Yeah, yuh seeing right. Nothing wrong with your eyes, so don’t worry. It is de Bellcrier. Back after a long time, just like despondency, slow economy, long lines fuh passports, full flights out, and battles with de vendors to keep dem off de pave. These things people forget about or didn’t know of, especially dem young ones. But ole people does seh, “de world round” and that “things does go round and round”. One thing that look like it going round and round is de parking meter story. De first thing that come to de Bellcrier mind regarding that is that there is never a dull moment in GT! Even de lights pun de Big Market adding to de lack of dullness!With Hammie get chased by Pat who apparently now looking to avoid DunKan, de action continues. People who like car chases in movies seh is not de chases alone that is exciting, but de skillful and exaggerated heart-pumping parkings. Dem recommend de plenty ‘Fast and de Furious’ movies to prove de point. That aside, it look like there is plenty ‘fast and furiousness’ happening over at de Hall of the City. Some seh that Pat and de King trying fuh put in de parking meters fast after jet speeding to Cancun country while DunKan and others remain furious!While de engines were roaring overhead to seal de deal fast, up comes Uncle Bull, who got oversight responsibilities fuh de Towns, and effortlessly and nonchalantly (big words) park de whole issue; or try to! It put pun hold; briefly! According to people there, that turn things around; again, briefly! Pat and de King apparently get furious and hit back. Dem park Uncle Bull parking intervention. September gon tell! DunKan still furious and he not parking that! Ole people does also seh that “de race is not fuh de swift”, but it look like Pat and King gat de advantage with Uncle Bull intervention behind followed by DunKan furiousness! One thing is fuh sure; more action in GT in store! De Bellcrier adrenaline rushing fast while parkers furiousness growing! Ting-a-ling-a-ling!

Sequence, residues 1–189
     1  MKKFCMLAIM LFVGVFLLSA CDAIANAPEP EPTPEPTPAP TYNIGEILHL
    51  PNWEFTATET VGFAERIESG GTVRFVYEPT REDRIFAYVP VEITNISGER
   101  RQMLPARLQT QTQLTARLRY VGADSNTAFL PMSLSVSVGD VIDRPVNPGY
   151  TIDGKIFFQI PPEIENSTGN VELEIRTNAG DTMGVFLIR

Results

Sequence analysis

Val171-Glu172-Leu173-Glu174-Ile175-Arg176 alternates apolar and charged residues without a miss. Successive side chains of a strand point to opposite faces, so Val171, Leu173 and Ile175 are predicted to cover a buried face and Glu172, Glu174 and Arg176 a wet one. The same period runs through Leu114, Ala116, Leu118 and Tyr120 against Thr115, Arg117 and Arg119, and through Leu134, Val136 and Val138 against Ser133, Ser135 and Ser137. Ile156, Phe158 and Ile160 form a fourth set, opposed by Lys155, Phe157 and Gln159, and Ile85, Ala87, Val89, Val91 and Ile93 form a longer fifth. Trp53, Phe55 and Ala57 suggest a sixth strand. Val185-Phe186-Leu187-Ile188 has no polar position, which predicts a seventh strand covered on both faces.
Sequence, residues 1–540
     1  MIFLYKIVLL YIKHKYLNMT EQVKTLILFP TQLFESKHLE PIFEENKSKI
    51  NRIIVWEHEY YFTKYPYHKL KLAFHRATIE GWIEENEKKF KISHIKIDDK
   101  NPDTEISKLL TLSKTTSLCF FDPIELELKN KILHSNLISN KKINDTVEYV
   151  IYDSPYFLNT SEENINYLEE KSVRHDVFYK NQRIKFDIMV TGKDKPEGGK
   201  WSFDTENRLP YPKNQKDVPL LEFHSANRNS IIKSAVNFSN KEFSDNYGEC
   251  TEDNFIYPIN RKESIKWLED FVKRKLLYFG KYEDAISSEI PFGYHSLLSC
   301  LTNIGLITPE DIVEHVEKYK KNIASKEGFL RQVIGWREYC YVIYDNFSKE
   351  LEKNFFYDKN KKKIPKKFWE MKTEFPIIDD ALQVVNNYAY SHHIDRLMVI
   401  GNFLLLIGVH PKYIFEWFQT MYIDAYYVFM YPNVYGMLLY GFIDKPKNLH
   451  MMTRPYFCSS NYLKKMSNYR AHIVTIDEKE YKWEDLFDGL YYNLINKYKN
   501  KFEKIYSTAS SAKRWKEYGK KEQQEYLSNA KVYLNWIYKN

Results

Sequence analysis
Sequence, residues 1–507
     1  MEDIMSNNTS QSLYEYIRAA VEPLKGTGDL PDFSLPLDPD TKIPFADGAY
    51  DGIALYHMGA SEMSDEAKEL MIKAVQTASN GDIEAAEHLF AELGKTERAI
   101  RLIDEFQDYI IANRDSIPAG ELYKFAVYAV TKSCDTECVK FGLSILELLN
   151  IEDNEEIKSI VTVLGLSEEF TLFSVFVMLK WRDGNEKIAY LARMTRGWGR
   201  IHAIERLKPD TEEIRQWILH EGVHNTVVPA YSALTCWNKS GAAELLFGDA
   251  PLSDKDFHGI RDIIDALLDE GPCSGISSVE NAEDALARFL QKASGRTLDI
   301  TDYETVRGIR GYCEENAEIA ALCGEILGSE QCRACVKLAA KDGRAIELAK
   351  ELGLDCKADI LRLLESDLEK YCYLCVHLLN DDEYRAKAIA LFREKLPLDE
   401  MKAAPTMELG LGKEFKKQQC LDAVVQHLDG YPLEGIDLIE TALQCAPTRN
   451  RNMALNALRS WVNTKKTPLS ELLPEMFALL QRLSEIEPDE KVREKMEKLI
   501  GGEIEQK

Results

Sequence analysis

The American Soybean Association (ASA) emphasized the importance of addressing rail service issues and their negative impacts on soybean growers, at a public hearing before the Surface Transportation Board on Thursday.ASA Director Lance Peterson, a soybean farmer from Underwood, Minn., represented ASA at the hearing in Washington D.C., highlighting the great impact the railways have on soybean farmers who rely on the transportation to get their crop to the growing world population.“Soybeans are especially impacted by transportation costs, as over 50 percent of U.S. soybeans are exported and soybeans and soy products are the leading U.S. agricultural export, with an export value of over $28 billion in 2013,” Peterson said. “Many in the world rely on U.S. soybean farmers to meet their protein and vegetable oil demands. U.S. farmers, in turn, rely on trucks, rail, and barges to move our products to those markets.”Peterson said that while a great deal of discussion has taken place in the last few months in regards to inadequate rail movement in the upper Midwest, centered on slow shipments due to cold weather—warmer weather may not fix the problems.“The real issue is the shifting of rail assets to the rapidly expanding oil industry. This is occurring at the expense of long standing shippers who rely heavily on rail movement to conduct their business he said. “As an agricultural producer in Western Minnesota I am faced with a direct and substantial financial impact. Inadequate rail service directly drives up the cost per rail car by thousands of dollars. This is reflected in the price I am paid locally.”When tabulated for the thousands of farm operations across the upper Midwest, the losses will be in the hundreds of millions and potentially over one billion dollars.“This is making lenders hesitant and could make it difficult for farmers to get operating loans to finance their business. A restriction on operating loans would have a devastating impact on farmers and on the rural economy,” Peterson said. “And the impact to agricultural producers is not just on the shipping of harvested commodities to market, but also in getting inputs, such as fertilizer, to the farm to produce a crop in the first place. For many of us, that time is now or is rapidly approaching.”Another issue Peterson presented was the fact that the demand for soybean rail shipments is expected to continue growing in key states where rail service issues are already having trouble keeping up today.Most forecasts indicate that soybean shipments will be increasing and the rail network needs to accommodate this growth along with the growth in crude oil shipmentsFor our part, to address demand over the long-term, ASA will continue to carry the message to Congress and the Administration in support of policies that encourage or provide direct investments in expanding transportation capacity, including rail, trucks and waterways. These would include a tax credit applied to new rail infrastructure, l, funding for waterways infrastructure, and increased truck weight limits that will expand transportation capacity and increase transportation service competition. Steps to improve and expand energy infrastructure could also alleviate rail demand by providing alternative ways to accommodate the growing domestic oil and gas production.For a full transcript of Peterson’s comments, please click here.